Film study aiding wrestling programs

  |   Coaching   |   No comment

Tony Gwynn, a Hall of Fame baseball player, helped pioneer the use of film study in Major League Baseball. Gwynn, who passed away in 2014, took a portable video cassette player on the road, a practice that began in the early 1980s. He went on to collect 3,141 career hits in his career and earn eight batting titles.

While technology has evolved greatly since Gwynn’s early MLB playing career, the use of film study has become increasingly widespread in virtually every sport, including wrestling.

“Just the knowledge gained from watching film is huge,” said George Mason head wrestling coach Joe Russell. “It’s plentiful. The information is out there. You don’t have to look hard to find it.”

At Stanford University, like many wrestling programs across the country, every match is filmed. The matches are uploaded online and wrestlers can view their matches on their own or with a coach. Film study, while encouraged, is not mandatory at Stanford. Coach Jason Borrelli leaves it up to each individual athlete.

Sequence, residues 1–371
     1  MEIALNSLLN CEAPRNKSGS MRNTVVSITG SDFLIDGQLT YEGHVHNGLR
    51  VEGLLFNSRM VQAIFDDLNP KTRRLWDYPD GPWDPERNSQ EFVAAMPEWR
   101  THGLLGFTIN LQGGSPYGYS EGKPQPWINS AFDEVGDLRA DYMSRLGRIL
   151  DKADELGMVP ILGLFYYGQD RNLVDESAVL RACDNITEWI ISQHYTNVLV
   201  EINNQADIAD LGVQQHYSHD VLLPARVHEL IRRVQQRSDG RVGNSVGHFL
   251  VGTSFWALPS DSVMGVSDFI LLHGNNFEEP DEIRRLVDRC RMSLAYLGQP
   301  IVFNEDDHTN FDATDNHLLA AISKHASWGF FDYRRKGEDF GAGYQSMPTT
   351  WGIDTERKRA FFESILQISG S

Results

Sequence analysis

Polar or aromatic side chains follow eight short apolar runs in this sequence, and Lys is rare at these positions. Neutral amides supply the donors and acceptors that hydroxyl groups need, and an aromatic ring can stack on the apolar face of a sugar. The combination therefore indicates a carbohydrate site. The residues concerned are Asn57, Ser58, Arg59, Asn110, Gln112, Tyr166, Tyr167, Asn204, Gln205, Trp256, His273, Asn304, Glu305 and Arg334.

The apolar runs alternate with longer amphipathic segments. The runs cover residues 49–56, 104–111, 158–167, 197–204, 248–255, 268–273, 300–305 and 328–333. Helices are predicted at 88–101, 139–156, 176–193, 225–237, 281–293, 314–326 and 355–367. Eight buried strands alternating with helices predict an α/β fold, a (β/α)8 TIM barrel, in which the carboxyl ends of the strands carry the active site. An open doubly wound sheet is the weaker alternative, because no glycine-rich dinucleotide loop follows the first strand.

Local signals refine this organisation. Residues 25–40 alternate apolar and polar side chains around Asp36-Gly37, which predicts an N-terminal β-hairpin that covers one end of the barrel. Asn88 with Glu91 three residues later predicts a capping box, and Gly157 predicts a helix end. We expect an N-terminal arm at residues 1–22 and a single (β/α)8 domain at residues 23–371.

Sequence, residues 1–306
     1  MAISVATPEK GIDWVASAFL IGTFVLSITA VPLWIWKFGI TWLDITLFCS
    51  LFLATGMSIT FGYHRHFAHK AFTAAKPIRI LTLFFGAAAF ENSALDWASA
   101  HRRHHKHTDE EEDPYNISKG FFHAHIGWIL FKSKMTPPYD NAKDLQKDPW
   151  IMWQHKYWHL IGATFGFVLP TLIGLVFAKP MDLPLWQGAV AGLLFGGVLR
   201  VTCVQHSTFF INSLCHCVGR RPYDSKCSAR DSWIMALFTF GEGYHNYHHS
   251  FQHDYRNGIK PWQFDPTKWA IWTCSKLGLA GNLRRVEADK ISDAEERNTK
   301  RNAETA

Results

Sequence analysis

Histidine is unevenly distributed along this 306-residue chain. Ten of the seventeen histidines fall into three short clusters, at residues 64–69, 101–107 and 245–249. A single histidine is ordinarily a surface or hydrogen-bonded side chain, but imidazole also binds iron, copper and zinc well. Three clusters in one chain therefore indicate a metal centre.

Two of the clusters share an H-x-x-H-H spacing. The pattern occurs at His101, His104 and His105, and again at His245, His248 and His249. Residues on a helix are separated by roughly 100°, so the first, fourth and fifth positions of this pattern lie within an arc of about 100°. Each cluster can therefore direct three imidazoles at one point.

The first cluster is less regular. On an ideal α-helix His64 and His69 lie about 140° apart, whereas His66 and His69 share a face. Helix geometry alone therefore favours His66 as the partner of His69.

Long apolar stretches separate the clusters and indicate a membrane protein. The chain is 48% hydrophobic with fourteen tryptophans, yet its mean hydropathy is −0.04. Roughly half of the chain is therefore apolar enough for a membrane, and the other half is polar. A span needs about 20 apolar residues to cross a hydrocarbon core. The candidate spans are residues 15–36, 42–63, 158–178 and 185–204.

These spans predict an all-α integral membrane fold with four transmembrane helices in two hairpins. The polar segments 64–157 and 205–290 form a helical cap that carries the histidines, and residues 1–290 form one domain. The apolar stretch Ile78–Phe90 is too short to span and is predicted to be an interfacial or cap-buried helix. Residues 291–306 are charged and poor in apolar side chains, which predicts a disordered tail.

“We leave a lot of that up to our athletes, kind of ask them and have that discussion,” said Borrelli, who competed collegiately at Central Michigan University for his father Tom Borrelli. “We share our beliefs on the power of it and how we think it can be good. Some of our athletes prefer not to watch a lot of film. Others really, really engage in that process.”

Borrelli believes studying opponents on film can help wrestlers alleviate anxiety in competition.

“I think there is something to be said for having seen someone on film,” said Borrelli. “When you walk out there you may not have as much anxiety. It’s not as unfamiliar. You walk out onto the mat. You’ve seen the guy on tape before. You’re familiar with his tendencies. So there’s not as much of the unknown. I think that can be very powerful.”

Film study can also help wrestlers understand an opponent’s strengths, according to Borrelli.

“It helps you be aware of his very best positions,” said Borrelli. “If you watch enough matches of an opponent, I think you can find out maybe his one or two best positions. That can help you either just be aware when you’re in them, or avoid them altogether. I think that’s huge.”

No Comments

Sorry, the comment form is closed at this time.